Commentary on Parashat Devarim, Deuteronomy 1:1 - 3:22
Deuteronomy is given its name from Greek, meaning, “second law,” and the text we begin reading this week embarks upon retelling the stories of the Israelites throughout their journeys. Yet, the narrative wastes no time straying from its previous iterations, and this portion opens with a befuddling incongruity.
Moses recounts the dramatic mission first told in Numbers 13-14 (in Parashat Sh’lach), in which God commands Moses to send 12 leaders to scout the Land of Canaan and return with a report. In Numbers, they return with a report, but 10 of the spies go further than reporting, opining that the land is not conquerable. A crisis ensues, and God punishes the whole generation (minus the two more optimistic spies, Caleb and Joshua), banning them from entry into the Land of Canaan. The Israelites are dished a 40-year sentence to wander in the wilderness. So the story goes.
Until we get to Parashat Devarim, and Moses alters critical details. In this text, God does not initiate the commandment to send spies — it is the people who demand that the Land be scouted. The spies do not issue the negative report, expressing reservation, as they did in Numbers — here, the blame is set squarely on the people: “You refused to go up and flouted the command of the Eternal your God” (Deut 1:26). Moses transfers the self-doubt of the 10 scouts to the people themselves, and in so doing, this narrative inculpates the entire community of Israel. To make matters even more irreconcilable, in Deuteronomy Moses is addressing the next generation, following the punitive 40 years. In other words, he transfers the sin of the spies to the Israelites, and then from the Israelites to their children.
These two conflicting versions of a story have demanded metaphorical acrobatics from commentators throughout the ages. No matter how one reads Scripture — whether as literal word of God or man-made holy literature — there is no denying that the facts of the story change. As Moshe Weinfeld, the late Hebrew University Bible scholar, argues in his commentary on Deuteronomy, “The author of Deuteronomy changed the original tradition on purpose.” Whether one views Moses as the story changer or some anonymous biblical author with a political agenda, the incongruity raises the question: When it comes to altering stories, what liberties can one responsibly take? Is Moses lying? Another prominent Bible scholar the late Nehama Leibowitz writes, “What Moses did in our [portion] was interpret the history events recounted in Numbers.” That is certainly one viewpoint, but when we carefully examine the alterations from one story to the next, isn’t “interpretation” somewhat euphemistic?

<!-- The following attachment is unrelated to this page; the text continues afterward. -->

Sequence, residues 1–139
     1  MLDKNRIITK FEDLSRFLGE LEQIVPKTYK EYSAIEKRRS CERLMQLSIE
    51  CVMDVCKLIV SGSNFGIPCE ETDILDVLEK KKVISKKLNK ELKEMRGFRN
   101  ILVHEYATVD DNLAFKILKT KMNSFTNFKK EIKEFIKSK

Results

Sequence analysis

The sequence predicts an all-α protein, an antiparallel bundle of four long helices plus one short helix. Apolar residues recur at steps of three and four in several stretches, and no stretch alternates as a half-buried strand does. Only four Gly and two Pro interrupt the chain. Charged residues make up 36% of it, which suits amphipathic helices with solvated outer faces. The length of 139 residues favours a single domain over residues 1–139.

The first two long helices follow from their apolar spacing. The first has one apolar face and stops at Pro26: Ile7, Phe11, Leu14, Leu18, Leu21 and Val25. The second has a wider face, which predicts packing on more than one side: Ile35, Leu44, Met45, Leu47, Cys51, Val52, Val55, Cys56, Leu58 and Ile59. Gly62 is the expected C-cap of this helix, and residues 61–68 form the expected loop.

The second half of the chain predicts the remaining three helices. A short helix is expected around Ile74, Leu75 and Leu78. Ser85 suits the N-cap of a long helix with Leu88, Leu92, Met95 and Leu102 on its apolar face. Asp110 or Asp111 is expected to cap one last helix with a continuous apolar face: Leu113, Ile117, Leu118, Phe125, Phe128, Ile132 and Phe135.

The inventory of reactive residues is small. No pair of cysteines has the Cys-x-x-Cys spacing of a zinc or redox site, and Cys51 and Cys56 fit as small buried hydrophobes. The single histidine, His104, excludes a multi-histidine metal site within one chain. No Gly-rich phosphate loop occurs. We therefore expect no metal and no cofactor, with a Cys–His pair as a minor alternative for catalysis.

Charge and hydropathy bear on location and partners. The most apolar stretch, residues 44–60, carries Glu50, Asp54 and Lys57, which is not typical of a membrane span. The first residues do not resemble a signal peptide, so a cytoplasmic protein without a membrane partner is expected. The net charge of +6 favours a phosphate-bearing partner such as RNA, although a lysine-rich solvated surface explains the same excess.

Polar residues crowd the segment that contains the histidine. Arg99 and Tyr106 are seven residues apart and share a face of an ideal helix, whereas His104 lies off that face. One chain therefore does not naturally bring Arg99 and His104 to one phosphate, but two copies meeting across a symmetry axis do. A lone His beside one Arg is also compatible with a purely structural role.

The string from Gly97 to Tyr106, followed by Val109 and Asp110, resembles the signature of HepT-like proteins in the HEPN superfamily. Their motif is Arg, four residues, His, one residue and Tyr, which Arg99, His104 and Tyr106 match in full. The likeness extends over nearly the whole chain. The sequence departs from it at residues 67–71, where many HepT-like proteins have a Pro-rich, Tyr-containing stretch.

Throughout the history of biblical commentary, perhaps no character receives more exoneration than Moses. Our Midrash is filled with justifications for every one of his mistakes, venerating his anger, timidity and, in this case, alteration of an account; it’s all rather ironic, too, since the Torah itself does very little to whitewash Moses’ flawed character.
Of course commentary always reflects the world in which it is written. The way we see the events of the past always passes through the filters of our anxieties, biases and the fluid demands of contemporary life. However, when we allow “interpretation” to be synonymous with “alteration,” do we not run the risk of compromising our pursuit of truth? How much liberty may we take when altering the narratives that construct our reality?
Today, there is no denying the vulnerability of the structures and institutions that our citizenry depends upon to discern reality— i.e., to know “our story.” Mainstream media outlets are under attack, subject not merely to critical scrutiny but to power campaigns of delegitimization. Moreover, completely unreliable, often intentionally fallacious media outlets, now appreciate greater syndication than ever. This is not hyperbole; it is the reality of a globalized, digital world. More people now are reading false narratives claiming to be reality than at any moment in world history. Perhaps in this age of “alternative facts” and “fake news,” it behooves us to read Moses’ story — and the story that he alters — with critical eyes and rigorous pursuit for trustworthy reporting.
Pronounced: MIDD-rash, Origin: Hebrew, the process of interpretation by which the rabbis filled in “gaps” found in the Torah.